Im trying to implement the Miller-Rabin primality test according to the description in FIPS 186-3 C.3.1. No matter what I do, I cannot get it to work. The instructions are pretty specific, and I dont think I missed anything, and yet Im getting `true`

for non-prime values.

What did I do wrong?

```
template <typename R, typename S, typename T>
T POW(R base, S exponent, const T mod){
T result = 1;
while (exponent){
if (exponent & 1)
result = (result * base) % mod;
exponent >>= 1;
base = (base * base) % mod;
}
return result;
}
// used uint64_t to prevent overflow, but only testing with small numbers for now
bool MillerRabin_FIPS186(uint64_t w, unsigned int iterations = 50){
srand(time(0));
unsigned int a = 0;
uint64_t W = w - 1; // dont want to keep calculating w - 1
uint64_t m = W;
while (!(m & 1)){
m >>= 1;
a++;
}
// skipped getting wlen
// when i had this function using my custom arbitrary precision integer class,
// and could get len(w), getting it and using it in an actual RBG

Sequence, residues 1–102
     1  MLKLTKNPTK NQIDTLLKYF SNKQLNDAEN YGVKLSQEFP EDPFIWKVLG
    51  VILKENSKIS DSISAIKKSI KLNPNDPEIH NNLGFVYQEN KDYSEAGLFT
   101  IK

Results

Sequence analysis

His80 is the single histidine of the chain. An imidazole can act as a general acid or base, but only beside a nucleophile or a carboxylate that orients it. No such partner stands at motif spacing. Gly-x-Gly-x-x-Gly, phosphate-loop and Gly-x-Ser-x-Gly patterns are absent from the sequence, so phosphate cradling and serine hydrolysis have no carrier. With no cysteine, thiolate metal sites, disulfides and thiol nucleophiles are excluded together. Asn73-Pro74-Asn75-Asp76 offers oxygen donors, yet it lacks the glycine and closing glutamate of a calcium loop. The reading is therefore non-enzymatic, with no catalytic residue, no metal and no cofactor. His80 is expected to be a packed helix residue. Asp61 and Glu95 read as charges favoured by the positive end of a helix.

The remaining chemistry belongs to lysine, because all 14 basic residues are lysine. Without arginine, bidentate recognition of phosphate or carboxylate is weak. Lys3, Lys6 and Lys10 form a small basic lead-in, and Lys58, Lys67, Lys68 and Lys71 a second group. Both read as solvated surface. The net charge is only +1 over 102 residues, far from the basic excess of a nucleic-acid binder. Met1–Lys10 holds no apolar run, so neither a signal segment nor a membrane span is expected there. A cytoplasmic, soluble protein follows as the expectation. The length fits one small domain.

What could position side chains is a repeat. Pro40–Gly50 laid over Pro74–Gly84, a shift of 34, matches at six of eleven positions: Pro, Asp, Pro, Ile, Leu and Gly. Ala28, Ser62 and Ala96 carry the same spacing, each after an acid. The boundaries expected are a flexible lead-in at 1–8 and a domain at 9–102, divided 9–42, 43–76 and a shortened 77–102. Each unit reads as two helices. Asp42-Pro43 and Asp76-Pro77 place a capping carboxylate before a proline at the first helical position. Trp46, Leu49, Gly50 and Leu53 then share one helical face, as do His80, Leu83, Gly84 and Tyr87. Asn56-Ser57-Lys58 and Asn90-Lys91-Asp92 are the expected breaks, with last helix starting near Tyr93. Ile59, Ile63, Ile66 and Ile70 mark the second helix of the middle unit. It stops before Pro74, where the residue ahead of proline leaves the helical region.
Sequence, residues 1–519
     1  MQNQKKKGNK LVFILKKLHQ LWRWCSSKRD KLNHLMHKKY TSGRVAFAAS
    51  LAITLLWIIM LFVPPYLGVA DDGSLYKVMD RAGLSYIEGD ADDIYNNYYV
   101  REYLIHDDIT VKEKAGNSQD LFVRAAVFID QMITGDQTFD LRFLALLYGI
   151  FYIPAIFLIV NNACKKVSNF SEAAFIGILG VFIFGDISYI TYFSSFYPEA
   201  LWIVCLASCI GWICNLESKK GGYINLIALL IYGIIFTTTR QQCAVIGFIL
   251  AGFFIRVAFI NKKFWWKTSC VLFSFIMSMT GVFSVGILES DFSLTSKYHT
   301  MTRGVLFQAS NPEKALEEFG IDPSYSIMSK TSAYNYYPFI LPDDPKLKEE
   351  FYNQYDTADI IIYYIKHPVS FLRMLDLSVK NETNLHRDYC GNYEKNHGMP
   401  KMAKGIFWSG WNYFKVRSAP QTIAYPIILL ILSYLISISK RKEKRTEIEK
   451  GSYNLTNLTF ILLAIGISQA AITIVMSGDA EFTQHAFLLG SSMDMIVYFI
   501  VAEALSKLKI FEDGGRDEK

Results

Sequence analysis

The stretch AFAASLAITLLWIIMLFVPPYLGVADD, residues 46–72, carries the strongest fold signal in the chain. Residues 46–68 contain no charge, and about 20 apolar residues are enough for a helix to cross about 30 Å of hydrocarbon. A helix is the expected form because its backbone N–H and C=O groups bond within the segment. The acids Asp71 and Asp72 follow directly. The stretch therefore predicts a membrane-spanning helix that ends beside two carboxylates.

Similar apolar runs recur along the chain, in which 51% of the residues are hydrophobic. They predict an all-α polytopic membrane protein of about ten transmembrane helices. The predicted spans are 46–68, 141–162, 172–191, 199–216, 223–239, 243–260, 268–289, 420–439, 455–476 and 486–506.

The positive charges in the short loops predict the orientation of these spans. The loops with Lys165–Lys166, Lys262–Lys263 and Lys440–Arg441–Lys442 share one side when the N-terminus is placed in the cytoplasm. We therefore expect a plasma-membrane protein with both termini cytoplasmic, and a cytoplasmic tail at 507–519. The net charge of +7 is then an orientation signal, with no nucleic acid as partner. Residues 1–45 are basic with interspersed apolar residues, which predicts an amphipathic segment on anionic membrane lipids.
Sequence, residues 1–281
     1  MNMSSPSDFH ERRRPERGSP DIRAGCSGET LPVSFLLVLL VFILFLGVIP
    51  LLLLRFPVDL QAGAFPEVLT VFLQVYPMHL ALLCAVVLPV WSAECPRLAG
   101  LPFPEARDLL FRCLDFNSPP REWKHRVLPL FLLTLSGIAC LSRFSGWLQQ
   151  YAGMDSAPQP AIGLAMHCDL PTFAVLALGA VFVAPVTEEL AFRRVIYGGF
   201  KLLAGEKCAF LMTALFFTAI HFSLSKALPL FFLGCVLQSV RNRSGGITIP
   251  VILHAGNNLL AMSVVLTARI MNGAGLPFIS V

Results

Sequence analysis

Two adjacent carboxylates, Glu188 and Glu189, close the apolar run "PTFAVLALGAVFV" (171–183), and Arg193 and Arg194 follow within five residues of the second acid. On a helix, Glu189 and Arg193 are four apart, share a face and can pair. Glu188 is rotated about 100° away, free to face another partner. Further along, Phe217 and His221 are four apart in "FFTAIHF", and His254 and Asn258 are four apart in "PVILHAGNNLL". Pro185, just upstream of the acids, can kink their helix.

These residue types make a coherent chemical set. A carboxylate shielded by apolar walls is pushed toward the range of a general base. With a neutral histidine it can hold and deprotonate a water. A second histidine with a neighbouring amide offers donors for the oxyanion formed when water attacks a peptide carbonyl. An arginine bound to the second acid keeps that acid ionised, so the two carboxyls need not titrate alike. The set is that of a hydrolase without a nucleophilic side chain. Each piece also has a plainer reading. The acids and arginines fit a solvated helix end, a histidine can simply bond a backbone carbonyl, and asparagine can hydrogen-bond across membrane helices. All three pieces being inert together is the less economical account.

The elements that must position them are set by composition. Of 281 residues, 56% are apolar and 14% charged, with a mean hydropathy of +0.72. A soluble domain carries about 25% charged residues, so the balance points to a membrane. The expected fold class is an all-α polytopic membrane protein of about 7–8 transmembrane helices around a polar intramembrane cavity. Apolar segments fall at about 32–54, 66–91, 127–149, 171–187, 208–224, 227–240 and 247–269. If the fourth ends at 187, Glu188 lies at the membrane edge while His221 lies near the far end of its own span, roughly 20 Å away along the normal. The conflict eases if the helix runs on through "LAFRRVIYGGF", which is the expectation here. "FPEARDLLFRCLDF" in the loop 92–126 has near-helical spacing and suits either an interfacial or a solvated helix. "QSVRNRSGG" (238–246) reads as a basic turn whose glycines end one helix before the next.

// made no difference
for(unsigned int i = 0; i < iterations; i++){
uint64_t b = (rand() % (W - 3)) + 2; // 2 <= b <= w - 2
uint64_t z = POW(b, m, w);
if ((z == 1) || (z == W))
continue;
else
for(unsigned int j = 1; j < a; j++){
z = POW(z, 2, w);
if (z == W)
continue;
if (z == 1)
return 0;// Composite
}
}
return 1;// Probably Prime
}
```

this:

```
std::cout << MillerRabin_FIPS186(33) << std::endl;
std::cout << MillerRabin_FIPS186(35) << std::endl;
std::cout << MillerRabin_FIPS186(37) << std::endl;
std::cout << MillerRabin_FIPS186(39) << std::endl;
std::cout << MillerRabin_FIPS186(45) << std::endl;
std::cout << MillerRabin_FIPS186(49) << std::endl;
```

is giving me:

```
0
1
1
1
0
1
```

`POW()`

implemented? – sarnold Jun 28 '12 at 1:07`POW`

? I see a mistake that could declare some primes as composite, but nothing jumps out for the other way round. For what values are you getting wrong results? – Daniel Fischer Jun 28 '12 at 1:07notuniformly distributed -- that modulo-operation skews the results. – sarnold Jun 28 '12 at 1:10